This is a flagrant waste, and yet, dominant office models still reflect industrial age sensibilities. Forget the bright orange wall or the foosball table. What’s needed are tailored work practices that support the growing diversity of talents in innovation focused organizations.
Implementing individual practices is going to be a tough job. Unlike the first generation of flexible workplaces, this era of customization requires us to recognize and honor genuine differences between people, not just accounting for differences in circumstance.
Let’s try a quick test of how this sort of customization might feel. As I mentioned earlier, many root vegetables are more productive than me, during an afternoon at the office. I don’t “think” in that situation … and people pay me for thinking. The author Henry Miller was extreme in this view, stating that work after noon was unnecessary and even counterproductive.
But if the culture of the office demands labor in this desert of the day, here’s my strategy for salvaging those wasted hours. Taking some inspiration from Gertrude Stein, who said she was never able to write well for more than half an hour a day, I do sprints of holistic thinking.
While at lunch I daydream about what most needs wrangling. Then I shape a single task that can be completed in its entirety within one or two hours. I swoop into the office (trying to be seen by the hall monitors and desk checkers), grab my laptop and head for a nearby coffee house. There I buy a large iced tea and sit down surrounded by music and people. It’s here that I can apply the open-ended discipline needed to complete my one chosen job.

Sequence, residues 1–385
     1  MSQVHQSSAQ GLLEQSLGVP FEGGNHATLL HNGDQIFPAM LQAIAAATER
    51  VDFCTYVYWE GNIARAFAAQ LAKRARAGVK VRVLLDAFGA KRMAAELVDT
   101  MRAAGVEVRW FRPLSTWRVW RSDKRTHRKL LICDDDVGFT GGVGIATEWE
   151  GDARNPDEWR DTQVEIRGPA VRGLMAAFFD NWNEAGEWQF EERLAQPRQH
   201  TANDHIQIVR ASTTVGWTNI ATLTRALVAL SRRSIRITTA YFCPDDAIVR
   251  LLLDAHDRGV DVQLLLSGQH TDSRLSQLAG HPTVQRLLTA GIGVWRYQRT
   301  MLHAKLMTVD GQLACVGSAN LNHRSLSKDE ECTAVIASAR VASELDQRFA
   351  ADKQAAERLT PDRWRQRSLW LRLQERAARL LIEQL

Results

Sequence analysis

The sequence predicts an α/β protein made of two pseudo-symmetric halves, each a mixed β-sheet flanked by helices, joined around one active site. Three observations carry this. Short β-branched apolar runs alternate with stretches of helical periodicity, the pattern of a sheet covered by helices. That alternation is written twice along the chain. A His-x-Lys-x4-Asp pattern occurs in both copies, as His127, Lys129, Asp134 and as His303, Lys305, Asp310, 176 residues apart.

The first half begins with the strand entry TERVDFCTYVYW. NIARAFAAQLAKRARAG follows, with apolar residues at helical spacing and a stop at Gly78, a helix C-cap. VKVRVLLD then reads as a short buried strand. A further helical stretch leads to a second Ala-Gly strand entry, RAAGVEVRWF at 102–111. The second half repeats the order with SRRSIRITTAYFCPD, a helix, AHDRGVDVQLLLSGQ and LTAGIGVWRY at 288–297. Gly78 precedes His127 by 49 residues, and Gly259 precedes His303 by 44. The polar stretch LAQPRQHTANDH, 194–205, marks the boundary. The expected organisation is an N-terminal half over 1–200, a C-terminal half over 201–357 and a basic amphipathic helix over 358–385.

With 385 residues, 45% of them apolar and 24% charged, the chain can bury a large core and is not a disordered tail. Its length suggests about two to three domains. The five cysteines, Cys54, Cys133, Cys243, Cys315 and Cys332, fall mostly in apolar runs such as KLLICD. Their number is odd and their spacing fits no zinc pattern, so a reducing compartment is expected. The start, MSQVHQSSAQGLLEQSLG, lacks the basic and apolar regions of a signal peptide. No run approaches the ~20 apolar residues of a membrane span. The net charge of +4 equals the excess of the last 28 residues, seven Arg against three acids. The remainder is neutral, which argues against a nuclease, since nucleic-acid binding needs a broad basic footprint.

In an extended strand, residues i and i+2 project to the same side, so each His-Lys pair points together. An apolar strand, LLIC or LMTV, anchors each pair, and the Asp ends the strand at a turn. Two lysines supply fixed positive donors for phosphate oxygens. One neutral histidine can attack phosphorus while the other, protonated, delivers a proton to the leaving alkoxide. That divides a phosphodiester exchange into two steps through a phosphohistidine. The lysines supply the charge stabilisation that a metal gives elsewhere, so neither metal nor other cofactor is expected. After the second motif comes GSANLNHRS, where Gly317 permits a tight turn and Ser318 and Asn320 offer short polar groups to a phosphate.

I require high stimulation environments, which ironically must be free of interruptions. Hemmingway was adamant about the need to focus, so while there is plenty of noise, sitting at the coffee house table there are no disturbances. There are no side journeys, but there is the freedom to stand up and move around.
Then, it’s one worthy job completed in one sitting.
Done with this creative sprint, its back to the office. I check a few emails. Talk to some people. I dabble in activity. This is a common practice too. Many fill their post creative hours with lighter tasks and unstructured exploration, including composer Richard Straus, who read philosophy in the afternoon and wrote letters in the evening.
That’s the best of the afternoon routines I’ve explored, a couple hours sequestered in a coffee house. If you’re my boss, do you buy that story? If so, what do you say to the hall monitors that gripe about the special treatment you’re handing out?
It might be worth considering the flip side of this equation. Creativity seldom respects the bounds of office hours. Beethoven always carried “a pencil and a couple sheets of music paper in his pocket” and French novelist Gustav Flaubert described his life as “sustained only by a kind of permanent frenzy."
Flexibility 1.0, with its flexible work hours, was made palatable by the promise that everyone had a kind of shared egalitarian misery in the best tradition of the industrial age. This next round of office flexibility requires buying into the idea that people are fundamentally different from each other and that difference includes how they work.
We are in rapidly evolving age where unique talent matters. People who are different will increasingly be the key to sustainable differentiation in fast moving markets. It makes no sense to recruit agents of the future and force them into a workplace of the past.
We spend a lot of time talking about what drives successful innovation. I am convinced that throwing out stubbornly sticky assumptions about our workplace habits will be an important part of the final answer.
Disclaimer: The statements and opinions expressed in this article are those of the author(s) and do not necessarily reflect the positions of Thoughtworks.